Android's incredible year continues, with sales from July to September making Android the world's second most popular smart phone OS, catching up fast to Symbian in the number one spot.
Android has cornered a quarter (25.5 per cent) of the world's smart phone market, according to a worldwide smart phone sales report. It rocketed past iOS and BlackBerry in third and fourth, and now follows close behind Symbian, which took out a 36.6-per-cent market share. The results continue the trend we saw in a previous Gartner report that analysed sales from April to June.
To put this into perspective, this time last year, Android's market share was at 3.5 per cent, while Symbian's was at 44.6 per cent. If this pattern continues, it won't be long before Android takes the highly coveted title of most popular smart phone OS.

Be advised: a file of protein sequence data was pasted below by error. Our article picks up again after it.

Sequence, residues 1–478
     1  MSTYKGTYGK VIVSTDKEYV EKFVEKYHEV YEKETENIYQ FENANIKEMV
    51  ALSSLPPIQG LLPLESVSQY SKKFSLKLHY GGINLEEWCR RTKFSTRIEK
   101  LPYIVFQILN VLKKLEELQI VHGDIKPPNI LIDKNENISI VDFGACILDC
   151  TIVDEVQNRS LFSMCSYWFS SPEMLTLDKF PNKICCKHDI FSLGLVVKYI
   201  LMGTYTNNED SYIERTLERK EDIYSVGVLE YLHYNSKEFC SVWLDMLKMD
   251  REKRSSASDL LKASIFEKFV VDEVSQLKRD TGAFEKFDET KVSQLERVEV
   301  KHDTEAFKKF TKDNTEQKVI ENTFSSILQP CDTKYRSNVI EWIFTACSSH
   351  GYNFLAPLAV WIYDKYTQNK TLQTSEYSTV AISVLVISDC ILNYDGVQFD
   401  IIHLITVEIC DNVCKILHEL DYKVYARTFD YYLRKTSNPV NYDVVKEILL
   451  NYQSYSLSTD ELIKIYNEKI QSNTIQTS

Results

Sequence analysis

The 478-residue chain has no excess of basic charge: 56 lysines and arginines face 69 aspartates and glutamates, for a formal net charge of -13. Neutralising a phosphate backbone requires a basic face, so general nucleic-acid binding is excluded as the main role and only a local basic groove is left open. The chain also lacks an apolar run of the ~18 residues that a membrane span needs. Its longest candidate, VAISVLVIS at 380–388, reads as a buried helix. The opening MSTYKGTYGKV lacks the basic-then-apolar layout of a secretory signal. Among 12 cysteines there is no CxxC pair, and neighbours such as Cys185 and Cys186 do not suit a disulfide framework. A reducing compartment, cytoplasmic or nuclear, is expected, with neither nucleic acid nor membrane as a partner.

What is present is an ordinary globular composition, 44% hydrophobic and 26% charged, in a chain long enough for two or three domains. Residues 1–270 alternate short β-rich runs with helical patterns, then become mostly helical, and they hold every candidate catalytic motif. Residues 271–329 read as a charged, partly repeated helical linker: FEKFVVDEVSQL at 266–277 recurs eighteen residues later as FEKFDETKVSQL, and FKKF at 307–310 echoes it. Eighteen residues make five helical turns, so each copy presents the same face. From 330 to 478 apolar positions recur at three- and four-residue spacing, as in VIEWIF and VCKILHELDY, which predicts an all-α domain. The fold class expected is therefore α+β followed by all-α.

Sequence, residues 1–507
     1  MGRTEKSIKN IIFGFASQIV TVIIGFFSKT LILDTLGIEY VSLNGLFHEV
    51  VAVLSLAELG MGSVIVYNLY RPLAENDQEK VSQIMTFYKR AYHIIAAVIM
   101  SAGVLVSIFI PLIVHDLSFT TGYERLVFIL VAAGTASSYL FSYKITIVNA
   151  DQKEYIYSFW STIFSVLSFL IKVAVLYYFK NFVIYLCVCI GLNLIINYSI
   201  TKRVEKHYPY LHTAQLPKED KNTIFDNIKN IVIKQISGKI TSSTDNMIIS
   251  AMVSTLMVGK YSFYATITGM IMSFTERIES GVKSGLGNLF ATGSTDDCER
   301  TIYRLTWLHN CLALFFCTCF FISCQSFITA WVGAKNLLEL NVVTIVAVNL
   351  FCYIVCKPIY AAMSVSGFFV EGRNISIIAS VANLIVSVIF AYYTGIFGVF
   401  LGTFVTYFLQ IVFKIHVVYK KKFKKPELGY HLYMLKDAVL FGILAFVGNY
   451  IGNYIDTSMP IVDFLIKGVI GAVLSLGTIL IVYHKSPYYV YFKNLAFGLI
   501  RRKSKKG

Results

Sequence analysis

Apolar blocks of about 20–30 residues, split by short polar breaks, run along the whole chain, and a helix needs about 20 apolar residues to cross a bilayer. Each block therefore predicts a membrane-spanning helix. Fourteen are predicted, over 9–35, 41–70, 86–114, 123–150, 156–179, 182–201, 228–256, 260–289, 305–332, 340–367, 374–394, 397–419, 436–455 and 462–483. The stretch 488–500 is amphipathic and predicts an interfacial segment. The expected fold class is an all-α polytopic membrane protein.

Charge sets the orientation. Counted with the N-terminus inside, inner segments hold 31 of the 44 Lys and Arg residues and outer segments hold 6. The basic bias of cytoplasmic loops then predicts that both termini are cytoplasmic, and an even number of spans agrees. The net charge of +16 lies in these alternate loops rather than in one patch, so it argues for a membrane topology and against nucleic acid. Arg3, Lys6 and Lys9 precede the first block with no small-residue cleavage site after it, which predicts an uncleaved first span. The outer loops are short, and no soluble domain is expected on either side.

If you simply browse the smart phones available at any store, the reasons for this are pretty obvious. Companies like Sony Ericsson, HTC, Motorola and Samsung have completely switched their focus to Android. They've turned away from Symbian, releasing Android handsets at high and low price points, from the costly HTC Desire HD to the cheap-as-chips Orange San Francisco.
The Android OS is also constantly being updated, which keeps the platform fresh. On the other hand, Symbian's troubles have been well documented. Nokia is the only major smart phone firm committed to the platform, with the Symbian Foundation disbanding after funding was removed by firms like Sony Ericsson and Samsung, who have since defected to Android.
Apple hasn't really been affected by Android's growth, as its market share remained steady at 16.7 per cent compared to 17.1 per cent last year. This shows the immense success of iPhone sales yet again, in spite of loads more competition.
But it wasn't good news for RIM, with its market share falling from 20.7 per cent to 14.8 per cent, meaning Apple's iOS has overtaken BlackBerry to become the world's third most popular OS.